We have donated £500 to support The National Museum of Computing ‘sponsor a valve’ campaign. Over the past few months we have been raising funds to support The National Museum of Computing’s (TNMOC) creation of a new gallery for the world’s first electronic, programmable computer, Colossus at Bletchley Park.
The new TNMOC gallery in historic Block H will be on the same spot where Colossus No 9 stood during the war and where the rebuild took place. It is designed to be a fitting tribute to the wartime code-breakers and serve as an inspiration to future generations of computer scientists and engineers.
TNMOC continues to encourage the community to play their part in helping tell their story by sponsoring a valve on a virtual Colossus online.
Tim Reynolds, Deputy Chair of The National Museum of Computing, who has led the fundraising for the new Colossus Gallery, said: “We wanted to build a gallery for the Colossus Rebuild that would be worthy of its astonishing history. The original Colossus computer played a pivotal role in the history of Britain. As the world’s first electronic semi-programmable computer it also marks a beginning of our digital age. We would like to thank ULCC and everyone involved in contributing funds to help build to the new Colossus Gallery.”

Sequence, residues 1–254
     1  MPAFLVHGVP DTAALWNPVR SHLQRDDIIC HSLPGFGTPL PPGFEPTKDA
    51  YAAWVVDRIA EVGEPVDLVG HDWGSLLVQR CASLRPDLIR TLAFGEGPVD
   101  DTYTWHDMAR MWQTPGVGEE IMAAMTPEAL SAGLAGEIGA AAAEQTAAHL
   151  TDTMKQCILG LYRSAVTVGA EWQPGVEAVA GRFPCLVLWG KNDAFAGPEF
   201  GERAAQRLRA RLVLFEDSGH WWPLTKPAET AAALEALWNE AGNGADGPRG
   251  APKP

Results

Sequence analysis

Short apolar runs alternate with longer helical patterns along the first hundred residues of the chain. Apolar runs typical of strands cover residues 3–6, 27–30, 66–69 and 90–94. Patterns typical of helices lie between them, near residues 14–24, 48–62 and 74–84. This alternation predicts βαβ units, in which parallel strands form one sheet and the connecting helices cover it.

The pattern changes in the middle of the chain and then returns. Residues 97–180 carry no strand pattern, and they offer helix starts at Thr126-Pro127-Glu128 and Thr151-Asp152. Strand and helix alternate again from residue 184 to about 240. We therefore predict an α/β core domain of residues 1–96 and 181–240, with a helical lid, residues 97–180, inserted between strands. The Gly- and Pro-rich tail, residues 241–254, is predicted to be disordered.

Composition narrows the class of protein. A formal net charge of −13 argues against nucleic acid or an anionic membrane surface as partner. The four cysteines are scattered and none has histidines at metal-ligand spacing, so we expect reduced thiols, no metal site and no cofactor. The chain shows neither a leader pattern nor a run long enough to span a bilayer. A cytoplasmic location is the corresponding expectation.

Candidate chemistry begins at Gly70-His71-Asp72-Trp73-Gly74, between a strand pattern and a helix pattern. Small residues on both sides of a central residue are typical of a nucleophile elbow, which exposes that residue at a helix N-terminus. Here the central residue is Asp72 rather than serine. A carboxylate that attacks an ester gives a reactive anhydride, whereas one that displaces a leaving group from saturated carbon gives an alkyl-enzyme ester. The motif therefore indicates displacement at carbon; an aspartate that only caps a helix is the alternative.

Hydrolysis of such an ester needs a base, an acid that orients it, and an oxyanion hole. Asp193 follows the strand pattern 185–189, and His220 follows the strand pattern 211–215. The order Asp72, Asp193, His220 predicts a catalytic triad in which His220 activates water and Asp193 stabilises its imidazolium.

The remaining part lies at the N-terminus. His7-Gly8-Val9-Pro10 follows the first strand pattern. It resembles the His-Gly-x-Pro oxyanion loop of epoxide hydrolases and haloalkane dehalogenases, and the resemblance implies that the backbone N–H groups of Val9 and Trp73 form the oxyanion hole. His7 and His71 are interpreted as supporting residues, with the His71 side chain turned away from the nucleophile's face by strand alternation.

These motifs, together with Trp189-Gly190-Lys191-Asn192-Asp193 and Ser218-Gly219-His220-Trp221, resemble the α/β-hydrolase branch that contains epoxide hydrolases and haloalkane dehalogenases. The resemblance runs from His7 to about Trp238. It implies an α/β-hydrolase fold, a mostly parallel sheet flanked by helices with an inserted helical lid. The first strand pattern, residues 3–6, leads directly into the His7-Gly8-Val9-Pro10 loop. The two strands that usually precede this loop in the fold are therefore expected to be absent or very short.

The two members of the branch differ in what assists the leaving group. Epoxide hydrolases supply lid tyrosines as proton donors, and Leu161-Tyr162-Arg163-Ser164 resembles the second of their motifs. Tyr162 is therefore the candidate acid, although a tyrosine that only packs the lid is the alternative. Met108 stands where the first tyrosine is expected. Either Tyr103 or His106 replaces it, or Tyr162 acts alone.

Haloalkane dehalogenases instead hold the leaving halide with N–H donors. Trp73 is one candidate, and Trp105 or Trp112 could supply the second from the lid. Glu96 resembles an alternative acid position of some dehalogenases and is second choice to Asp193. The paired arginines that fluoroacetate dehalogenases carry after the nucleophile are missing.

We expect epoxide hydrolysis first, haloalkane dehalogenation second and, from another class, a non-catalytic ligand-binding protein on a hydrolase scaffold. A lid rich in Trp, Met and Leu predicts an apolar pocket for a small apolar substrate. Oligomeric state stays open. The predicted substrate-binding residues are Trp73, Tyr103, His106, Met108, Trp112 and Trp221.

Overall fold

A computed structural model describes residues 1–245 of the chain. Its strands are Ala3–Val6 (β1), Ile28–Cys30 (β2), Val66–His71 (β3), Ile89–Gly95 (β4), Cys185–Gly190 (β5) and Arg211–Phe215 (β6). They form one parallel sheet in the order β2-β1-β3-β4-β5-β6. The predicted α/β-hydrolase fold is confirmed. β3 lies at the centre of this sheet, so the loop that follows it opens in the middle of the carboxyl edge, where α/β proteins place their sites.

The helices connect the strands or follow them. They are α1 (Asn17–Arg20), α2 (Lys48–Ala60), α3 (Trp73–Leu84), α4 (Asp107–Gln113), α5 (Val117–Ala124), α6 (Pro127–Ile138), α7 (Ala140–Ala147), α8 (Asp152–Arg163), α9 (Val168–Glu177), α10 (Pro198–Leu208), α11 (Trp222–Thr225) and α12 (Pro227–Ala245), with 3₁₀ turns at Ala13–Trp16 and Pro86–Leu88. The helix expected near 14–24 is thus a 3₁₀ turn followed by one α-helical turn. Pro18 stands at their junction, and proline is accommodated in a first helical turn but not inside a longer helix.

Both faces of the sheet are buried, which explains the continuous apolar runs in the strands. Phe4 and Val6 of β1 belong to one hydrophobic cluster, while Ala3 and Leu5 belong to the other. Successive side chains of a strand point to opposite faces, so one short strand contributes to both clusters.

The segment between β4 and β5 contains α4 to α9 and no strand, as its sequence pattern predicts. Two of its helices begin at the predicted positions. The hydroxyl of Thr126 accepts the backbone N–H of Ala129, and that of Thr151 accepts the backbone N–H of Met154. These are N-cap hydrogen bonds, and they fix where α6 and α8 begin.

After we blogging about the TNMOC’s fundraising efforts on this blog earlier this year, readers were encouraged to share the post across their preferred social networks with us matching each social share with £1. You can see our sponsored valve on the Colossus website here.
“By making it easy for our community to support a great cause with one-click, we managed to raise funds to help rebuild & preserve a piece of technology which not only was ahead of its time but is often is seen as the foundation of modern computing”, said Richard Maccabee, Director of ICT at ULCC.
The original Colossus, designed and built by a team led by Tommy Flowers and first operational at Bletchley Park in 1944, was used to help decipher encrypted messages between Hitler and his generals during World War II and carried out complex statistical analysis on intercepted messages at a rate of 5,000 characters per second.
The intelligence gained from these communications with the help of ten Colossus computers is generally acknowledged as having shortened the war by two years and to have saved countless thousands of lives.
Due to the nature of its work, the development and information about the Colossus were kept closely guarded.
Find out more
To find out more about the Colossus gallery, please visit: http://bit.ly/TvQFgl
Read about the Colossus project from the electronic engineer who led the reconstruction, the late Tony Sale: http://bit.ly/SgUR2g
Watch the late Tony Sale taking about the Colossus in 2010: http://bbc.in/SsiyWV